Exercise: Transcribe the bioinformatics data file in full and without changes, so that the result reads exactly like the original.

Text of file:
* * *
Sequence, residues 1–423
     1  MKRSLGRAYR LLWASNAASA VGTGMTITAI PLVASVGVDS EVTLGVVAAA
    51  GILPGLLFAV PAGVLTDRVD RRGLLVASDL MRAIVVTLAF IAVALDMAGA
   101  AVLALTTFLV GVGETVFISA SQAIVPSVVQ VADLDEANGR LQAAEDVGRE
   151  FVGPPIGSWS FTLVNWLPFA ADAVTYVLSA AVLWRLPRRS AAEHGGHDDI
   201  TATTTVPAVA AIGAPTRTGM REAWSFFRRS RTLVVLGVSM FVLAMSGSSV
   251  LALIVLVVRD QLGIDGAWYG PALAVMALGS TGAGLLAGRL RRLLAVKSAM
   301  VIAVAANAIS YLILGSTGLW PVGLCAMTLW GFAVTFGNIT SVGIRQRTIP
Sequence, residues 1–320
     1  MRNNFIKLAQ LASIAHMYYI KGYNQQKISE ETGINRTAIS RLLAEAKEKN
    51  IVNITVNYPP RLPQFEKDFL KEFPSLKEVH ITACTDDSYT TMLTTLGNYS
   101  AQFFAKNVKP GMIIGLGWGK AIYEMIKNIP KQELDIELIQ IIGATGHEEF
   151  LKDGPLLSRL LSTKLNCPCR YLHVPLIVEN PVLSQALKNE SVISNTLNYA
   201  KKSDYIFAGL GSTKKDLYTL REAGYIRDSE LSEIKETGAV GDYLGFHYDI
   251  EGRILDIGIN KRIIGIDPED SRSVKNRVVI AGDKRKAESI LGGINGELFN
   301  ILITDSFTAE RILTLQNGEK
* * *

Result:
Sequence, residues 1–423
     1  MKRSLGRAYR LLWASNAASA VGTGMTITAI PLVASVGVDS EVTLGVVAAA
    51  GILPGLLFAV PAGVLTDRVD RRGLLVASDL MRAIVVTLAF IAVALDMAGA
   101  AVLALTTFLV GVGETVFISA SQAIVPSVVQ VADLDEANGR LQAAEDVGRE
   151  FVGPPIGSWS FTLVNWLPFA ADAVTYVLSA AVLWRLPRRS AAEHGGHDDI
   201  TATTTVPAVA AIGAPTRTGM REAWSFFRRS RTLVVLGVSM FVLAMSGSSV
   251  LALIVLVVRD QLGIDGAWYG PALAVMALGS TGAGLLAGRL RRLLAVKSAM
   301  VIAVAANAIS YLILGSTGLW PVGLCAMTLW GFAVTFGNIT SVGIRQRTIP
Sequence, residues 1–320
     1  MRNNFIKLAQ LASIAHMYYI KGYNQQKISE ETGINRTAIS RLLAEAKEKN
    51  IVNITVNYPP RLPQFEKDFL KEFPSLKEVH ITACTDDSYT TMLTTLGNYS
   101  AQFFAKNVKP GMIIGLGWGK AIYEMIKNIP KQELDIELIQ IIGATGHEEF
   151  LKDGPLLSRL LSTKLNCPCR YLHVPLIVEN PVLSQALKNE SVISNTLNYA
   201  KKSDYIFAGL GSTKKDLYTL REAGYIRDSE LSEIKETGAV GDYLGFHYDI
   251  EGRILDIGIN KRIIGIDPED SRSVKNRVVI AGDKRKAESI LGGINGELFN
   301  ILITDSFTAE RILTLQNGEK